A donor conference for Afghanistan has fallen almost US$2-billion short of its target, the latest example of a humanitarian crisis struggling for global support at a time when the world’s attention is fixed on the Ukraine war.
The United Nations is trying to raise US$4.4-billion in desperately needed help for Afghanistan, where it estimates that a million severely malnourished children are on the brink of death. At the conference on Thursday in Geneva, Switzerland, 41 countries pledged a total of US$2.44-billion, leaving nearly half of the target unfulfilled.
The shortfall is partly a result of widespread concerns about discrimination by the Taliban, which has prohibited girls from attending secondary schools. But it also reflects a growing shortage of donor funds in a world of proliferating wars and humanitarian disasters.
Relief agencies have been unable to reach their funding goals for many other crises around the world – including those in Yemen, Syria and the Horn of Africa – despite mounting evidence of catastrophic losses of life and the threat of worse to come.
A recent donor conference for Yemen raised less than a third of its US$4.3-billion goal, and the UN World Food Programme has been obliged to cut food rations for both Yemen and Syria because of a lack of money. The two countries are among the world’s most devastating humanitarian emergencies, with a total of 32 million people needing food aid because of war and poverty.
At the latest donor conference, UN Secretary-General Antonio Guterres said the situation in Afghanistan has “deteriorated alarmingly” in recent months and its economy has effectively collapsed.
“Without immediate action, we face a starvation and malnutrition crisis in Afghanistan,” he told the conference. “People are already selling their children and their body parts, in order to feed their families.”
About 95 per cent of the population does not have enough to eat, 24 million Afghans need food aid to survive, nine million are at risk of famine, and a million children are on the brink of death because of severe malnutrition, Mr. Guterres said.
“And global food prices are skyrocketing, as a result of the war in Ukraine,” he said. “This spells catastrophe for Afghans struggling to feed their families, and for our aid operations.”
Several donor governments, however, voiced their concern about the Taliban government’s continuing restrictions on education for girls. They made it clear that all of their pledged funds would go to UN agencies and other relief organizations, rather than to the government.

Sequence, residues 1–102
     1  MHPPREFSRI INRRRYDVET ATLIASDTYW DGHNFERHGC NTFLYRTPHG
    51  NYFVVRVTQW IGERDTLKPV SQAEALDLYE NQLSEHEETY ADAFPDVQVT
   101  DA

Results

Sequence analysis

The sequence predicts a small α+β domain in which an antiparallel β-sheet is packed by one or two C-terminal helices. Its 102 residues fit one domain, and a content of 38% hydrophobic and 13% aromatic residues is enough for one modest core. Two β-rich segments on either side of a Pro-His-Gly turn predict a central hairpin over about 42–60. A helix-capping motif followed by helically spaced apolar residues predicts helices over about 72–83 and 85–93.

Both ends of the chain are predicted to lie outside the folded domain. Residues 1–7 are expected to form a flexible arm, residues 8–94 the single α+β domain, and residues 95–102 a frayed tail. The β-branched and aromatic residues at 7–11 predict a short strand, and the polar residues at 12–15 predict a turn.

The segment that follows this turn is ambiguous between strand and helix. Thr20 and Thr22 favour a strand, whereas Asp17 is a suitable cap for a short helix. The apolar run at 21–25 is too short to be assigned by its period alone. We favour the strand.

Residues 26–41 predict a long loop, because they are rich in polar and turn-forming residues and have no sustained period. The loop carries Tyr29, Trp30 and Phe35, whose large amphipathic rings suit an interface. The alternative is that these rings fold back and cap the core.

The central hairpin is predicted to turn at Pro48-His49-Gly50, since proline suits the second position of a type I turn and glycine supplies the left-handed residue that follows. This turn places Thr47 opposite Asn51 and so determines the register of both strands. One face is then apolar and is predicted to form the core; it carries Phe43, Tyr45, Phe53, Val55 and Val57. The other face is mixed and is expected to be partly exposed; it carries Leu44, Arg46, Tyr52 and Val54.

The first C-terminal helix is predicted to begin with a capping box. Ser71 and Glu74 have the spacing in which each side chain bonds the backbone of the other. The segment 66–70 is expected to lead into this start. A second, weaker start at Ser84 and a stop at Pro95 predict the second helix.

Linda Thomas-Greenfield, the U.S. ambassador to the UN, said the United States will contribute US$204-million to humanitarian agencies for the “immense and dire needs” of the Afghan people. But the Taliban’s decision to ban girls from secondary school after Grade 6 is “inexcusable” and must be reversed, she told the conference.
“It is impossible not to feel a sense of profound outrage when we see girls and young women across Afghanistan racked with tears as they learn they will have to leave their classrooms,” she said. “No society can succeed if half of its population is held back from participating in its civic and economic life.”
Canada announced a $50-million increase in its funds for humanitarian needs in Afghanistan, including food, health care, water and sanitation. An expanded response is crucial to prevent an “unprecedented disaster” among the Afghan people, International Development Minister Harjit Sajjan said in a statement.
“With every day that goes by, the situation is getting worse for them, and there is no doubt that Afghanistan is on the brink of a humanitarian catastrophe,” he said.
Yet the Afghanistan crisis is just one of many disasters around the world that are suffering from neglect and underfunding. Many humanitarian agencies have voiced fears that the Russian invasion of Ukraine is overshadowing other severe emergencies.
The UN humanitarian chief, Martin Griffiths, says the situation in Syria is becoming bleaker every month and its people are afraid that the world has forgotten them. More than 14 million Syrians need humanitarian aid – more than at any time since the war began in 2011, he told the UN Security Council last week.
The UN’s food agency, the WFP, says it has only 24 per cent of the funding it needs in Syria and only 31 per cent in Yemen. It has already been forced to reduce food rations in both countries, and any further cuts “risk pushing people toward starvation,” the agency warned on Thursday.
In Africa, there are multiple crises, from northern Ethiopia to the Sahel region of West Africa. Persistent drought in the Horn of Africa has left 13 million people facing severe hunger, and only 3 per cent of the needed US$6-billion has been raised for the latest UN emergency appeal for Ethiopia, Somalia and South Sudan.
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